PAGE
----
Port of Seattle makes the case for audits

Some would like to cut these performance audits from the state budget, supposedly saving money. Now is when we need them most.
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Cranes at the Port of Seattle.

Some would like to cut these performance audits from the state budget, supposedly saving money. Now is when we need them most.

Let's give some credit where credit is due. Despite the fact that the words "Port of Seattle" put readers to sleep, local newspapers have been trying to penetrate the inner workings of the Port for years. Historically, the Port not only hasn't been transparent; it hasn't even been even translucent. Even it own elected Port Commissioners, charged with oversight, have been fooled, stonewalled and bamboozled. The media has chiseled away at the granite wall with some success, but getting at the foul center of the Port's operations has been nigh on impossible.

But the Port was an early target for a new state performance audit, a program passed by voters in 2005 that permits the state auditor to go in and look at the practices and effectiveness of public agencies — not just state agencies, but the hundreds of local entities that often operate in the dark or with little attention being paid.

In the case of the Port, its audit raised serious questions about Port practices and found evidence of waste, possible fraud and ethics violations. The result was a major internal investigation, with results revealed in early December when former U.S. attorney Mike McKay released a scathing look that justified journalists' and Port-watchdogs' suspicions (and amplified their legwork). The performance audit wasn't the end of the process; in some senses it was the beginning. It cast some daylight where it was needed until reinforcements could come with Klieg lights. In this one case, if not others, the performance audit program proved its value.

State Auditor Brian Sonntag was just re-elected this November. The performance audit program he oversees was a people's initiative, resisted by many at the state and in the Legislature. The argument was made that it could be a political tool in the wrong hands, though no one outright accused Sonntag of trying to use his position to jump into higher office. The fact that the audit program was a Tim Eyman initiative also soured many simply because of their dislike and distrust for the man. But Sonntag has made enemies in Olympia and elsewhere too with his independence and aggressiveness. Bureaucracies don't like loose canons, or grandstanders.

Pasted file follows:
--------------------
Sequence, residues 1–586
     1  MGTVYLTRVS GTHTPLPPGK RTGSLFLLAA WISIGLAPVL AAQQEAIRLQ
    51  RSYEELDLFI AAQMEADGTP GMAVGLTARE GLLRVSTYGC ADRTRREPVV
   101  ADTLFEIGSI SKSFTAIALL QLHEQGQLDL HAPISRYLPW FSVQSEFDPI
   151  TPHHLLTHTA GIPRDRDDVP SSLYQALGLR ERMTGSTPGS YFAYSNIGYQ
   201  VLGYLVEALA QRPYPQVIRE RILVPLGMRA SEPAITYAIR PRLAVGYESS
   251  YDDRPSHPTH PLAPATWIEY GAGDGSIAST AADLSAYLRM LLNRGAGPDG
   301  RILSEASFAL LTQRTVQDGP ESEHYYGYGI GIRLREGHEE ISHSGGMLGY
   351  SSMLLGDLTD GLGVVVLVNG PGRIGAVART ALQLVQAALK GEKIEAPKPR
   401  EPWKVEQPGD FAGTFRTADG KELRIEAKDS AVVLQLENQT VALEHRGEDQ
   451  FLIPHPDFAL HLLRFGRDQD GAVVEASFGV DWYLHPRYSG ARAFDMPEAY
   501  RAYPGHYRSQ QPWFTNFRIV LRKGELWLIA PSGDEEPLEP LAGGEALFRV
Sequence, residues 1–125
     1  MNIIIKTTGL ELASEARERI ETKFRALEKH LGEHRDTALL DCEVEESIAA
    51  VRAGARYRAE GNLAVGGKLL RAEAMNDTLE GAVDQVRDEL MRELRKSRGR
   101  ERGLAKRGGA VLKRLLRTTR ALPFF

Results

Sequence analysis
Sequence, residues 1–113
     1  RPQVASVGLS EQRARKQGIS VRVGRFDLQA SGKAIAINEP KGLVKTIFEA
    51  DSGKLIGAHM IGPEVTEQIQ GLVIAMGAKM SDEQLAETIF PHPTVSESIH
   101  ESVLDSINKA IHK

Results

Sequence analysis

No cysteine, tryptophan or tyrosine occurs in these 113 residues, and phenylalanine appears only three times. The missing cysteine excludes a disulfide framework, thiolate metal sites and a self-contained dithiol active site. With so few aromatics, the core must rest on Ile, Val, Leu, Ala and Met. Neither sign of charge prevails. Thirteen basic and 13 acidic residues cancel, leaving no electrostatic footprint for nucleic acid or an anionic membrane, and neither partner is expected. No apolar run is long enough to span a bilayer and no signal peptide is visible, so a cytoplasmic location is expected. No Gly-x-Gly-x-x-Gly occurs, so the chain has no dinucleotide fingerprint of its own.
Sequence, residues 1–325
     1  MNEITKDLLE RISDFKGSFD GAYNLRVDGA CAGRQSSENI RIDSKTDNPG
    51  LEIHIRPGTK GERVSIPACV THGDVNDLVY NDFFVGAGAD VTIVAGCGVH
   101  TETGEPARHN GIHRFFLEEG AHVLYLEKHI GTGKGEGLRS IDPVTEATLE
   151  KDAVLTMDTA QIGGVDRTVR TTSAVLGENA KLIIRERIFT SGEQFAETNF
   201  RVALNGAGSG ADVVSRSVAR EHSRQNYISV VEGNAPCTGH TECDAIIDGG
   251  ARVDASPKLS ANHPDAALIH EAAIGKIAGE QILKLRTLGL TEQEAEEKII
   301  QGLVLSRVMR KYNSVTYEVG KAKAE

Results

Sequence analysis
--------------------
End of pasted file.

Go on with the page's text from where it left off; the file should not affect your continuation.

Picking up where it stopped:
Now that the state is facing a $5-6 billion budget shortfall and knives are being sharpened, the voter-approved performance audits are on the chopping block, appearing on the state's "do not buy" (pdf) list. Perhaps the time has come to lop them off, saving more than $20 million, and let leaner government be its own watchdog again — a half-starved beast perhaps can't get into as much mischief. Sonntag tells me he's "a bit surprised" at finding the program a budget target. Some newspaper columnists are weighing in on his side (see here and here). The gist, and I agree with it, is that now is precisely the time when such a program can prove its worth. Targeted audits can leverage reform, as in the case of the Port of Seattle. They can increase confidence in public agencies.

Sonntag says that they're a valuable tool for identifying savings and revenue sources too. In an email to me (in response to a question) he writes:

To date, our first 14 performance audits have produced 574 specific recommendations and identified $4.1 billion in potential cost savings, unnecessary spending, uncollected delinquent debt, and potential economic benefits. Compare that with the combined audit cost of $14.1 million. Much of that could help state government confront its budget shortfall. For example, our audit of debt collection found that the state could bring in $320 million in uncollected delinquent debt simply by using follow-up phone calls and other practices.

Sonntag says he'll be meeting with the governor "soon" to discuss the audits and says she's been supportive in the past. Let's hope she doesn't become pennywise and pound foolish when it comes to public accountability — especially when it can help root out savings, identify revenue sources and expose incompetence and fraud. The fact is, leaner government is going to need those things as much, maybe even more, than a well-fed beast.


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About the Authors & Contributors

Knute Berger

Knute Berger

Knute “Mossback” Berger is Crosscut's Editor-at-Large.